But times have changed and it is now a place of pleasure and relaxation, a popular marina, where some of the Weymouth working boats, and of course those fancy sleek cruisers and modern day yachts moor to the extensive web of pontoons that criss cross the waters.

Thankfully, many of those ugly, modernist municipal buildings that indolently sprawl along its waterfront are at last being done away with, the beating heart of Weymouth is slowly transforming yet again.

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Whereas before the fire station and  the soulless, grey concrete council offices held these prime sites, plans are afoot to reintroduce more sympathetic housing to front the water. Something that will hopefully nestle in more comfortably with the historic, eclectic jumble  of cottages and buildings further down the road. (As of the writing the first section of the rebuild is still well and truly under wraps…so time will tell!)

This part of the old original Weymouth could boast many ancient and interesting buildings, from grand Tudor houses to Georgian villas, such treasures that were simply swept away in the name of progress, despite ferocious opposition and campaigning by many.

This is also where the old High Street stood, a remnant from way, way back in time when Weymouth and Melcombe Regis were once two bitterly opposing and separate towns across the harbour, and fierce, sometimes deadly, conflict was very much the order of the day.

This narrow street had witnessed so much history, from the sounds of fierce conflict, deadly musket fire, fleeing soldiers and the site of much bloodshed and death, when Weymouth became heavily embroiled in the Civil War.

Later it took a heavy pounding during WWII as German bombers did their best to blow Weymouth harbour to smithereens.

High Street Weymouth.

Large sections of the old High street were severely damaged during  these frequent air raids.

Who knows what other long forgotten history is lurking deep in the ground beneath this modern day tarmac and concrete.

I can recall as a child wandering through the remnants of these bombed out buildings, mesmerised by the remaining walls, some with wallpaper hanging off, once cosy and intimate bedroom fire places open to the world, the ubiquitous Budlleja sprouting, softening the harsh lines of destruction. Many locals of a certain age will tell tales of these tumble down ruins as their childhood adventure playground.

Later this whole section of the old High Street and waterfront buildings were swept away as part of the slum clearances, first turned into a temporary carpark and taken over by the council for their new offices.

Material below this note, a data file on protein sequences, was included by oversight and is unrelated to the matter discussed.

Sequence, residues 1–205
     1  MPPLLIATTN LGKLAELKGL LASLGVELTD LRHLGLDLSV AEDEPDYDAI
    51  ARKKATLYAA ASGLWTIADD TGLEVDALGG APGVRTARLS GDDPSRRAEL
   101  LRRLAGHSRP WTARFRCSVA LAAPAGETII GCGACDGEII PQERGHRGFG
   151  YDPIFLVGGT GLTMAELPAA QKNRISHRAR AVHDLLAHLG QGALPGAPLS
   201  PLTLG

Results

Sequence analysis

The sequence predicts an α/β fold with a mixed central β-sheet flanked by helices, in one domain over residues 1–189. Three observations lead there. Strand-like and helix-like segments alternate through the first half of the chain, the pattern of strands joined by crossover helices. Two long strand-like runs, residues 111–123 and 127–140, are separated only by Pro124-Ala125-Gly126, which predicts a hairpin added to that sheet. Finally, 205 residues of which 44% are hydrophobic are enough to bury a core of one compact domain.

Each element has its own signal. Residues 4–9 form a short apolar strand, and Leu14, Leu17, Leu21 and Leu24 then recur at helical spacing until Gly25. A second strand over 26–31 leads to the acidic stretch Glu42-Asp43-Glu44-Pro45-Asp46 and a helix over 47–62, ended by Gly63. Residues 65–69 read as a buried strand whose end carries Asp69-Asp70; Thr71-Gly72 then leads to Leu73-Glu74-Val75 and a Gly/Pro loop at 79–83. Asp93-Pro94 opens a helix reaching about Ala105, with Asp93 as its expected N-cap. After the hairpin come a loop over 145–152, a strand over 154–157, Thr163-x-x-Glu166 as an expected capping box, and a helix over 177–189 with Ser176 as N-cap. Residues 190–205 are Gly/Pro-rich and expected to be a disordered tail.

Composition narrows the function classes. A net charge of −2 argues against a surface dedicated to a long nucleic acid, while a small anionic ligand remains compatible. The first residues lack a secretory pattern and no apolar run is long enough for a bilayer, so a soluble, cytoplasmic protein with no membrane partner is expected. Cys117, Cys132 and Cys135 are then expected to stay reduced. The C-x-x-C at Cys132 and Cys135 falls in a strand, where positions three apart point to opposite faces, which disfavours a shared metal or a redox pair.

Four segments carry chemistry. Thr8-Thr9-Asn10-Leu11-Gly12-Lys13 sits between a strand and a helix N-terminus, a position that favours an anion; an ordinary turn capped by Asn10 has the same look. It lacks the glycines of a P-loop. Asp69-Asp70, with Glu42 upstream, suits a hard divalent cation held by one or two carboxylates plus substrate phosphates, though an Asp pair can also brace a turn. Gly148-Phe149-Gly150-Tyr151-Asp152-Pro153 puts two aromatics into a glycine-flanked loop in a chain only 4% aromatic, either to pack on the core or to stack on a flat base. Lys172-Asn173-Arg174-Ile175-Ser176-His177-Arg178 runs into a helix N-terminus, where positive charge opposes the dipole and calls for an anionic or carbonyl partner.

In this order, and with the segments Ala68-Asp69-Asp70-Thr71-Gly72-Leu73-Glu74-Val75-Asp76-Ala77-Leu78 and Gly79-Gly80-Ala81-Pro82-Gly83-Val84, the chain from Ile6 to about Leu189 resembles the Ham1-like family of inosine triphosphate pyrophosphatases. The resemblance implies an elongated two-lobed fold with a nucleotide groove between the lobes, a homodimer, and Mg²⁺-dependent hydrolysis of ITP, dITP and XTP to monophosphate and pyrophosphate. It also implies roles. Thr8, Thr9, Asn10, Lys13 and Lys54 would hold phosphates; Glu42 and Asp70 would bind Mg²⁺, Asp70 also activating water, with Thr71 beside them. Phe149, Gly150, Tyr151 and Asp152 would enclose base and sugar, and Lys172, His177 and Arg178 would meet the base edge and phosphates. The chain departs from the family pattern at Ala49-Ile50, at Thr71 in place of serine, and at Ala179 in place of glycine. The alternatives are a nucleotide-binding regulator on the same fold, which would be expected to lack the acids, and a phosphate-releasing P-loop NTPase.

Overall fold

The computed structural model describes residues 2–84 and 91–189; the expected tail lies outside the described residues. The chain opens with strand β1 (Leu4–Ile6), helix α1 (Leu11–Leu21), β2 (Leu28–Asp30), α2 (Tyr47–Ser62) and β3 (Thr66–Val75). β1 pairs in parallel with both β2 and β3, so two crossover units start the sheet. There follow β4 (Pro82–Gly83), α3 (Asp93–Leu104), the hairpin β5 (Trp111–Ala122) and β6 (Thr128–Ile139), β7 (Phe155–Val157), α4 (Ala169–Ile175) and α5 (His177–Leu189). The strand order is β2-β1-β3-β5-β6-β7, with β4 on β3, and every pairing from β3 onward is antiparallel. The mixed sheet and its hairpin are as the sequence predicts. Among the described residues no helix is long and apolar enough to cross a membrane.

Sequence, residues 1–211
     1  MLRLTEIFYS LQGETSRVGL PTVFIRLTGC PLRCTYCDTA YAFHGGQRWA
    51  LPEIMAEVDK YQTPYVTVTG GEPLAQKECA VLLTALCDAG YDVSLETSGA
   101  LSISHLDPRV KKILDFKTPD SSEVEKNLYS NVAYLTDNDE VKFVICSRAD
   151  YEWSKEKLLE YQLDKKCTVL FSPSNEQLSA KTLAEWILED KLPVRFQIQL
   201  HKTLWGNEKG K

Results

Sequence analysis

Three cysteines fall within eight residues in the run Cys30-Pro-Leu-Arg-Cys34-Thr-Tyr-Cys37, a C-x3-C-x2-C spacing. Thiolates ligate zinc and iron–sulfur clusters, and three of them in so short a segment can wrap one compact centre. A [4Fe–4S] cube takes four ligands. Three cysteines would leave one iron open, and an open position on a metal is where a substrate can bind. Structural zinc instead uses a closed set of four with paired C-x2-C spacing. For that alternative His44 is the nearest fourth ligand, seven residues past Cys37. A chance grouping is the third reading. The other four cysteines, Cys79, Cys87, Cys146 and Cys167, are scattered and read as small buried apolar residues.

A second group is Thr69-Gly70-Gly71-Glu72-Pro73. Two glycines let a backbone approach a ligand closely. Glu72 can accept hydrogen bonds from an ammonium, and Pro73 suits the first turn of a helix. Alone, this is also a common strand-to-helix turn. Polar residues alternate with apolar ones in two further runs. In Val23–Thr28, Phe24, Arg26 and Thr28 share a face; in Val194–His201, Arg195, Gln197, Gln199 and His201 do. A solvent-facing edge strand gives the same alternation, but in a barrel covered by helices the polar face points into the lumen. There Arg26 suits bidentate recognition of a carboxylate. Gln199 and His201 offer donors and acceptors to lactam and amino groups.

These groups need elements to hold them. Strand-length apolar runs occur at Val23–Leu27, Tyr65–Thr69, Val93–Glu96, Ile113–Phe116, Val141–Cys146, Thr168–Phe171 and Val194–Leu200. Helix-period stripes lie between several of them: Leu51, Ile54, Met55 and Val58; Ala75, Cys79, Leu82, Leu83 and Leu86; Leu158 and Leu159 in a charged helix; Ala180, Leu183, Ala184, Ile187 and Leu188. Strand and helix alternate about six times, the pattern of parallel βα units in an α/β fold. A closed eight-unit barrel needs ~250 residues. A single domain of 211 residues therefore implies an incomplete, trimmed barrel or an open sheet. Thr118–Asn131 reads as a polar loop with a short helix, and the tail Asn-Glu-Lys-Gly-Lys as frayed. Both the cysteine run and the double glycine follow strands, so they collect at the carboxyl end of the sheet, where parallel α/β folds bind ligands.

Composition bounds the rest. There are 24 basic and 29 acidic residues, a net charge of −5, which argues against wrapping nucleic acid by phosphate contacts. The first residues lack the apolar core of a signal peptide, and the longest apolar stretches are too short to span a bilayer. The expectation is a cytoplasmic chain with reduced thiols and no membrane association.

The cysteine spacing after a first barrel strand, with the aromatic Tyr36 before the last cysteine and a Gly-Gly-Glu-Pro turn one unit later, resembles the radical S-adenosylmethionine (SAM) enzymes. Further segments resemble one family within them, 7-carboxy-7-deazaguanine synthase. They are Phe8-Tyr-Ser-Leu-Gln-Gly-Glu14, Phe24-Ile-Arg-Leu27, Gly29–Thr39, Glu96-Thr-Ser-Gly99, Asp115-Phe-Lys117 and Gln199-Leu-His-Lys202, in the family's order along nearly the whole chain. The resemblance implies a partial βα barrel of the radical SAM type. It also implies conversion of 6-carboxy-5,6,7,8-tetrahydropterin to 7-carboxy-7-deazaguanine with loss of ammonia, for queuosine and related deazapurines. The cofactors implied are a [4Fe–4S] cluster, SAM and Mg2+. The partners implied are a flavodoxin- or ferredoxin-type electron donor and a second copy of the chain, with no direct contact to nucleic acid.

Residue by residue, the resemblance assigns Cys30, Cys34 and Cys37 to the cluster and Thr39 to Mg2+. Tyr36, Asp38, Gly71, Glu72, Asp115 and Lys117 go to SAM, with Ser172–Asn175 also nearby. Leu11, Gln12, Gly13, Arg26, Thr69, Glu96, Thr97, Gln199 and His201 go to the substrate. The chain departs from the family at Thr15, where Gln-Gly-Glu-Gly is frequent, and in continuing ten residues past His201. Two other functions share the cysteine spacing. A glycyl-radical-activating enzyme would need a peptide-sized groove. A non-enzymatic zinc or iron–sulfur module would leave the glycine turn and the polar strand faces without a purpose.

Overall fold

Demolition of old Weymouth.

Thankfully, a few concerned locals took the time to grab photos and copious notes of these buildings before they were demolished, not least famous Weymouth historian Eric Ricketts, much of which he talks about in his book ‘The Buildings of Old Weymouth; Part One.’ It’s a set of books that I can’t recommend highly enough for those interested in Weymouth’s checkered history.

As time passes and those folks with their memories of the old town, it’s characters, traditions and history take their place at the Pearly Gates, so many small, personal details  of old Weymouth gets lost forever.

Luckily  we can still catch little glimpses of the families who once lived here from the old census records, Post Office directories and poll books, some of those native families still live in the area, some moved on as fortunes dictate.

Eric R map

(Eric Rickett’s map of the area from “The Buildings of Old Weymouth; Part One.’)

What follows is a snap shot of some of those people who were born, lived, loved and worked in the old High Street of the 1850’s.

I have added numbers to those that were listed, but between 1850 and 1860 these were changed…unless everyone in the street suddenly upped sticks and moved house in the street, a bit like musical properties.

Let’s gird our loins and go for a nostalgic stroll through time and the street of old Weymouth town.

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Holy Trinity.

We stop first at no 10 High Street, here lives 45-year-old Charles Buck, he is a coal merchant.

Love and matrimony came late to Charles, at the ripe old age of 40 he finds himself waiting nervously at the alter of Holy Trinity church for his bride to be. On Christmas day of 1851, Rebecca Tompkins makes her way down the aisle towards her beloved, man and wife were set for a long and happy future in a place they both loved. Sadly though, their marriage didn’t last for long, on the 11th November 1857, the hard working coal man, Charles, passed away, leaving a bereft Rebecca to carry on alone.

Carry on she certainly did, still residing in the High Street, one can only assume that the coal business had been fairly healthy and she had been left reasonably well off as she was listed as a home owner and of independent means.

Rebecca died in 1891 at the age of 69.

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Moving on to the house of no 13, here we find a newly married couple, Charles Hibbs and his wife Susan (nee Bond). Charles is earning his living as a plumber and glazier. Having worked hard and built up a thriving business, the couple up sticks and move across the water by the 1861 census to larger premises in St Thomas Street.